Tag Archives: vacation

Keep Being Amazed


We just returned from a weeklong family vacation to New England. We haven’t been to the ocean, when it was warm enough to swim in, in a year. The last time we were on the coast, was in January, when we visited Hilton Head Island, SC. 

I inadvertantly published a poem today on this blog. It has been at least a month since I’d written anything. Summer is a difficult time to write, these days. My children are growing faster than I’m liking. Time waits for no one. I remember reading last week something by someone brilliant like Maya Angelou, about being on the lookout for when we cease being amazed. When that happens, we’ve started to die. 

We must be dilgent in our protection of our naïveté; to disallow jadedness and to actively fight feelings of blasé.   

I recall the days when I first started writing publicly, calling the boys Thing 1, Thing 2, and Thing 3, to do what I could to protect their identity. That was 2011. They are 17, 14, and 11 now. Their advancements alternating between the feeling of sand sifting through my hands, and the feeling of walking through cold porridge. 

The oldest has taken his time learning how to drive, carving his independence, and venturing into the world. Getting his first ride home from school in May with a friend, something that seemed as natural as walking, was spent by me here at home pacing the house awaiting his safe arrival. I am betting I stepped as many paces as he could have to come home by foot. When he entered the doorway, I was all casual, “Hey! Have a good day?” as though I narrowly escaped being  busted rifling through HR files. He turned to drop off his backpack and get a glass of chocolate milk as I raced to the window to make sure his driver wasn’t some drug-addled ne’er do well driving a rusty van with blackened windows and satanic bumperstickers piecing it together. Do people still say ‘ne’er do well’? He wasn’t. It was one of his best friends, a classmate who is a French horn virtuoso and who will likely attend the US Naval Academy next fall. He was driving a tidy little Jetta.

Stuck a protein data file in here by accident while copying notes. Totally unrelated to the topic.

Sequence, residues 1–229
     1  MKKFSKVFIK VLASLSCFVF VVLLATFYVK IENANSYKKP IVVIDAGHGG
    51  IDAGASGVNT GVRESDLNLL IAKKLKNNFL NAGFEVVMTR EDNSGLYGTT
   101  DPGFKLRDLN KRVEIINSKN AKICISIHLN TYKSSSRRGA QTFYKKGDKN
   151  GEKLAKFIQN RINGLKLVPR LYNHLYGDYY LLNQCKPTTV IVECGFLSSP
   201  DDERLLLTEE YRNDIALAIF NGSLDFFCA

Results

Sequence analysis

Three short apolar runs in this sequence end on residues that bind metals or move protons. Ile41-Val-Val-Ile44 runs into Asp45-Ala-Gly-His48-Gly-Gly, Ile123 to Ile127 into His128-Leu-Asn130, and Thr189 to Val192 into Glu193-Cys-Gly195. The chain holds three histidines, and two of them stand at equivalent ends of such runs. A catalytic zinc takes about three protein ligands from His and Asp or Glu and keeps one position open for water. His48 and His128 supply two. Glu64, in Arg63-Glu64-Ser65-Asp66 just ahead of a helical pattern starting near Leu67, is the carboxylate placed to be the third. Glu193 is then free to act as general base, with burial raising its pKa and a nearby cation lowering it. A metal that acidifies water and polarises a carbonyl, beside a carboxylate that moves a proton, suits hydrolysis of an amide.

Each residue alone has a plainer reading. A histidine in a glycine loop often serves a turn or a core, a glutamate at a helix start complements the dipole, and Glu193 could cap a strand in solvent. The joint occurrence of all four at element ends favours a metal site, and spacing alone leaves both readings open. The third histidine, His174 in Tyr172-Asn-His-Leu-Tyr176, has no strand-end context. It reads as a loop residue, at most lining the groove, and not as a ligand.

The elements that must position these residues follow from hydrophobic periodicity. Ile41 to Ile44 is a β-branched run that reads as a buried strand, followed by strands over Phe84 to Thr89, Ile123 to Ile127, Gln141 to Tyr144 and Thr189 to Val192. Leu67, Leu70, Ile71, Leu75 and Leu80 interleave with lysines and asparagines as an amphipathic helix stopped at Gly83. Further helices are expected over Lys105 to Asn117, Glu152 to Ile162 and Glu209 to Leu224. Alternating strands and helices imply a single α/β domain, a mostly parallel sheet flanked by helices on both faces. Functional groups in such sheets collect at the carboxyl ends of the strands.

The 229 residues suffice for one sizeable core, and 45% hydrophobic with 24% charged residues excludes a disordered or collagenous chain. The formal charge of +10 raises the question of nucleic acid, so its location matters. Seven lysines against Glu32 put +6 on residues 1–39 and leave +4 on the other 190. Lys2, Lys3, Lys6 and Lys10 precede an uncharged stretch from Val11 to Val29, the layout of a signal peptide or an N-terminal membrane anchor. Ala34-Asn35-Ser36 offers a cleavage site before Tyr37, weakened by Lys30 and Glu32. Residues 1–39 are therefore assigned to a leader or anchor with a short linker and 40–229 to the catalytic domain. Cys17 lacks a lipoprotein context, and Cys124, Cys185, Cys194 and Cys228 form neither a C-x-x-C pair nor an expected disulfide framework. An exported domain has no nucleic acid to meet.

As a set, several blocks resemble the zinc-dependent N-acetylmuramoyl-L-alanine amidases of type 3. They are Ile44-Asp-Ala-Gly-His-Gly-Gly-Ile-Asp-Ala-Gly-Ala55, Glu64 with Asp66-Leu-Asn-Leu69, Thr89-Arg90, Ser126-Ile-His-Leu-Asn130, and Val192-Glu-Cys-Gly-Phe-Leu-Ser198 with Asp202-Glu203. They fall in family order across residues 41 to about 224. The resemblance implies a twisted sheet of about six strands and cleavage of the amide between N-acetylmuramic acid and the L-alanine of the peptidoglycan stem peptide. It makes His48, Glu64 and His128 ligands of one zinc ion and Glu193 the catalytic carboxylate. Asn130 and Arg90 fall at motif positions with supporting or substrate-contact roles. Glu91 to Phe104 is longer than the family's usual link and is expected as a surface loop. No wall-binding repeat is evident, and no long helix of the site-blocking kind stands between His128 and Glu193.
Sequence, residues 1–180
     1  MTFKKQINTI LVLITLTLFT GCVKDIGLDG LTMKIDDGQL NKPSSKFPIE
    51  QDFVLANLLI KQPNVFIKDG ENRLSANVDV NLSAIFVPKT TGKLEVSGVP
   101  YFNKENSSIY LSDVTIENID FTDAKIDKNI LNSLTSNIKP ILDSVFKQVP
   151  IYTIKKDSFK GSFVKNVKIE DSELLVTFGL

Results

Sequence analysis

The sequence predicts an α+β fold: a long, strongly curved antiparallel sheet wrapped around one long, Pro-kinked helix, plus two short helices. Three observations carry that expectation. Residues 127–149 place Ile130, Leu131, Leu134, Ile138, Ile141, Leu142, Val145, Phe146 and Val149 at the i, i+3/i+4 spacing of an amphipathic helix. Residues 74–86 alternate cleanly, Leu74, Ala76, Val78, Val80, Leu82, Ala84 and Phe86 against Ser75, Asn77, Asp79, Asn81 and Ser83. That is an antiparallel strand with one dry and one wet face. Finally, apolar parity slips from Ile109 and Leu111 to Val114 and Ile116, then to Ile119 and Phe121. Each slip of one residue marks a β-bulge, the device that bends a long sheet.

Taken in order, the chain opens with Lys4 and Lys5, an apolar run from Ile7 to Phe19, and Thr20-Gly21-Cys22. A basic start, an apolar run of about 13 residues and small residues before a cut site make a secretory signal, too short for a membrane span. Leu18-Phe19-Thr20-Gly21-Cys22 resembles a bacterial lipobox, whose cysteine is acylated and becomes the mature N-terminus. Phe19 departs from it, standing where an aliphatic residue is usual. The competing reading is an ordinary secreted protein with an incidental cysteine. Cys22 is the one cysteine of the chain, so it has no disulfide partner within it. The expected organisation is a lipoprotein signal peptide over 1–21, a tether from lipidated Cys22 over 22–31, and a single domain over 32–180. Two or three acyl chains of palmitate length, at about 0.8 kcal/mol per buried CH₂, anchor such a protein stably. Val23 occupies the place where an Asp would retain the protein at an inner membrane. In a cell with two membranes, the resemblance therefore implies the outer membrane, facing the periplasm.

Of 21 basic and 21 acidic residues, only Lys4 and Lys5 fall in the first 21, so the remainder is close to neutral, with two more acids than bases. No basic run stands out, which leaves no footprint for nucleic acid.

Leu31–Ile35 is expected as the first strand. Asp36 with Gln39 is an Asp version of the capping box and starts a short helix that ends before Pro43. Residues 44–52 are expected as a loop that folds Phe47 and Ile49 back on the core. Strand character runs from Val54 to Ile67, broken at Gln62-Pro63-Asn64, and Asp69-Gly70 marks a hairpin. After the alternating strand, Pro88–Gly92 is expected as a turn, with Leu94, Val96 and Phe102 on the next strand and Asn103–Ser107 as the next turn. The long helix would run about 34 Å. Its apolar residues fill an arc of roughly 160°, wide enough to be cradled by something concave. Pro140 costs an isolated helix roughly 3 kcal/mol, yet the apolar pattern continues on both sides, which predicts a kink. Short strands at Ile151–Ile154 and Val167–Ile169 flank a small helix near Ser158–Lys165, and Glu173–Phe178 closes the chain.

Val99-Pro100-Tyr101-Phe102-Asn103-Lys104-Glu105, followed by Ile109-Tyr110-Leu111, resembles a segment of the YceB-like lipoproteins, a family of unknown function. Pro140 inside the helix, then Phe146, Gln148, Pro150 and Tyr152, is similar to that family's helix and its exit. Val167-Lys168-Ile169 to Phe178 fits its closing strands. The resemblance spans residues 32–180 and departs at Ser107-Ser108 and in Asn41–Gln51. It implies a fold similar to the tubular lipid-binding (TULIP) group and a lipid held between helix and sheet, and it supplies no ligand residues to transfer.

Inside, I felt exhaltation, like when Kristen Wiig’s Target Lady character fist-pumps and shouts, “Approved!” when a customer’s charge goes through. That I’d instilled in my son a sense of ambition, a sense of seeking a tribal identity with growth and progress. The feeling of his belonging to a “good” group. 

Then I recall the myriad articles in the New York Times about student suicides, kids being drugged at parties, date rape, and I have to sit myself down and remember: those are the ones that stand out; those are the ones that sell newspapers; those are the ones that are cautionary tales; those are the outliers… he will be alright. It is out of my hands. 

Just like when Dr. Tchabo, my obstetrician very intentionally reminded me when my sons were in my womb… He held up his stubby index finger from that gifted hand and looked at me between his reading glasses and his eyebrows, smiling in kindness and wisdom. He said to me, in his thick Ghana accent, as we listened to my son’s heartbeat at 13 weeks, that watery wha-wha-wha-wha-wha coming through the doppler,  “D’ya hear that, Mommy? He tellin’ you, RIGHT NOW, he is his own guy. He is not you. He will have his likes. He will have his days. You are together, but he his own guy. Always he is his own guy.”            

He is. It is a bittersweet conclusion: he is smart, sensitive to energies, quiet and observant. Not much gets past him. 

He also forgets to look right one last time before slowly turning into traffic. That. “I just died. We’re in an ambulance now. The other car is up in those bushes, near the ditch. I loved you. I will watch you from heaven always. Go to law school…” I’ve said that a few times, half joking. I think it’s sinking in. I don’t care if he goes to law school.